It’s impossible to teach art without students, of every age, asking you if their work is good.
The question isn’t unreasonable, but the range of meanings lurking behind it can be broad. Some really want technical feedback, but most long more simply for a pat on the head.
When I first started teaching, I was all too eager to pat away. I assumed then the reason people wanted my approval was because they honestly didn’t like what they’d done – a perception I felt duty-bound to correct. Surely, there was something likeable about whatever they’d produced. Although the drawing might be wanting in other ways, putting them in touch with that might help orient them towards the sheer enjoyment of art making, and in turn, inspire them to do it more. Nothing is more essential for growth than practice, so at base I took this to be a sound philosophy: Build confidence in those seemingly lacking it first, then gently work towards the ability to accept constructive criticism.
Over time, the phenomenon persisted and I began to suspect another culprit, operating on a more systemic level than low self-esteem or perfectionism. Increasingly I wondered if people might need to hear that their work is good not strictly because they doubt it, because it’s all they’ve ever heard from others.
Literacy is stepped from year to year within the school system, progressing from ABCs to more sophisticated reading and writing strategies. The course artistic development follows, by contrast, is typically uneven. Acquiring skill in the latter owes more to regular practice on the part of a select few who happen to like art than to methodical perceptual training. I’m not an Ontario Certified Teacher and have been working in the school system for only a year now, so it’s not my intention to criticize how arts education programs are implemented. I know too little about their ins and outs. Having provided visual arts instruction for a good decade now, however, I can vouch for how hilariously random patterns of growth appear in a practical, performative context, with 6-year olds occasionally capable of feats that leave adults feeling woefully inadequate. It takes a microscopic leap to imagine such adults telling the kid their work is good…not because they know what good art is, but because it’s better than what they themselves are able to do.
To be clear, I’m not slamming people who pay other people compliments, since that is what this issue really boils down to. I don’t have to know how to knit sweaters to tell a co-worker or friend that I like the sweater they’ve got on some morning. But I’m a big fan of critical thinking, too. If asked WHY I liked it, I’d feel a certain burden to consider the real answer. Maybe the bright colours lifted my spirits surprisingly on a dreary day. Maybe the material just looks unusually comfy, and I’d like to imagine myself in such clothing. Perhaps it has a pattern that reminds me of the couch in the place we lived when I was young, which makes my mind float back through time for a minute. “I felt I needed to say something nice to prevent awkward silence” is, of course, a perfectly legitimate response as well, and probably the most common one. Acknowledging the truth behind the question to oneself, if not to the sweater wearer in question, provides a tiny entryway to self-knowledge that refusing to think beyond the original WHY? does not.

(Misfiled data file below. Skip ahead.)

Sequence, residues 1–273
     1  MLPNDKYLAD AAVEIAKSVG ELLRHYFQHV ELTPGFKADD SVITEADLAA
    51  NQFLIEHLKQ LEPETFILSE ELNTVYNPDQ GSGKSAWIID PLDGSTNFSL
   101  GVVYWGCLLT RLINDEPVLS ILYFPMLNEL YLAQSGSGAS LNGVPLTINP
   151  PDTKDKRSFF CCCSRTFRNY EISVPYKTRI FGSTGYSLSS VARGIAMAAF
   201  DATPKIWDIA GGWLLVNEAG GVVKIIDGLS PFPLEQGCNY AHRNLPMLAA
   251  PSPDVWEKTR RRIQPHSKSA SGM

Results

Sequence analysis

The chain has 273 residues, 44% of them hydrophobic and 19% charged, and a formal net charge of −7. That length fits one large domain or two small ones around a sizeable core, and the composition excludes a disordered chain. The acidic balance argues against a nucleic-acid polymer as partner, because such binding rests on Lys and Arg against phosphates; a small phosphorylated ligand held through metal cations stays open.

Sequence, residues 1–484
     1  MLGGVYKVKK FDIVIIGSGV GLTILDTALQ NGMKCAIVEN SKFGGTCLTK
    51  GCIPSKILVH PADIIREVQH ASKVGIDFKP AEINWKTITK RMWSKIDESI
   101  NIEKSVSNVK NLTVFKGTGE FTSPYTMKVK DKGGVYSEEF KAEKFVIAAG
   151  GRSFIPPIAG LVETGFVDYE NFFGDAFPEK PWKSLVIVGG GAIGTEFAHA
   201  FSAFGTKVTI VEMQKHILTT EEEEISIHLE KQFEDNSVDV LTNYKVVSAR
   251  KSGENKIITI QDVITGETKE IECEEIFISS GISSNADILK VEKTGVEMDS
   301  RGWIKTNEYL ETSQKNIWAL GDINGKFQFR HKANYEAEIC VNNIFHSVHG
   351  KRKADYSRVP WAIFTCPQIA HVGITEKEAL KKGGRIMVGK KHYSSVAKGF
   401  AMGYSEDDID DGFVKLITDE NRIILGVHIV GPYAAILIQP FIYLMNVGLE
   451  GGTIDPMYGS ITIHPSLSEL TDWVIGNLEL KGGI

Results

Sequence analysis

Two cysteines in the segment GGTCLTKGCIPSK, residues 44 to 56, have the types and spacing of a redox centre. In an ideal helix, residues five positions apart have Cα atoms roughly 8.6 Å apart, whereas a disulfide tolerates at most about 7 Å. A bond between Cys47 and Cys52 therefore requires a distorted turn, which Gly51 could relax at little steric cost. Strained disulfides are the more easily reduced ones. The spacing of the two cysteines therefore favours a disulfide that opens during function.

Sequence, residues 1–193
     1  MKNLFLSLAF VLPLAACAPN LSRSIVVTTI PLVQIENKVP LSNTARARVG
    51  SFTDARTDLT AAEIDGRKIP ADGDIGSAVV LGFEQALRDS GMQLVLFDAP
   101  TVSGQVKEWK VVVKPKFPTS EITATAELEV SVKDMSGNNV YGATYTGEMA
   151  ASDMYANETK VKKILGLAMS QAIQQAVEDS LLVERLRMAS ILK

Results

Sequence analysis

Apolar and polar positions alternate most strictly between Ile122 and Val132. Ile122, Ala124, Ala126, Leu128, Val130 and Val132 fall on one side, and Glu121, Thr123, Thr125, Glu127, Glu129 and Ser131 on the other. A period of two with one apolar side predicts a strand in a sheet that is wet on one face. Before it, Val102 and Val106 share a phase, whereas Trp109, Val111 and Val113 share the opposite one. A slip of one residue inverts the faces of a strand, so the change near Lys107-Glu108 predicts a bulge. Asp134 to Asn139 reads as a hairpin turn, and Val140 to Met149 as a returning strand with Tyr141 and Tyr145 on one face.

To bring this discussion back around to art, what I’m advocating here is for more thinking to go into disposable summary judgements. Be willing to tell someone what you like about their art specifically, if tossing off a comment. In so doing, you give them actual information to contemplate and/or apply in their art work, while you yourself spend slightly more brainpower reflecting upon the reasons that inform your behaviour. It’s the stuff of growth!
On my end, in the classroom, I’m not afraid to agree with people when they tell me a drawing they’ve done looks bad. My job isn’t to make people feel awesome about everything they do. It would indeed be a great disservice to real learning if I mistakenly assumed it was. Sometimes I even pre-emptively tell people that what they’ve done doesn’t look good…with great care, to be sure, but otherwise clearly and with purpose.
More often than not, students appear relieved rather than distressed by this. Likely, the honesty is unexpected. Others might agree that there’s something not quite right about their drawing, but are at a loss to say exactly what and lack the language to describe problems in a detailed way. These shortcomings result in the drawing being slapped with a wholesale verdict of “Great”. On some level, I tend to think that the well-meaning falseness of such praise is ultimately recognized by those it’s doled out to, which explains the liberated glee I’ve seen once this spell is broken. Having said that, it’s always the trick to keep the creativity of learners at a maximum, so it can drive the endeavour of art making. Right and wrong are terms with real meaning, but it’s important to emphasize them just enough to help folks steer their imagination, and avoid perpetuating the addiction many have to being told what to do.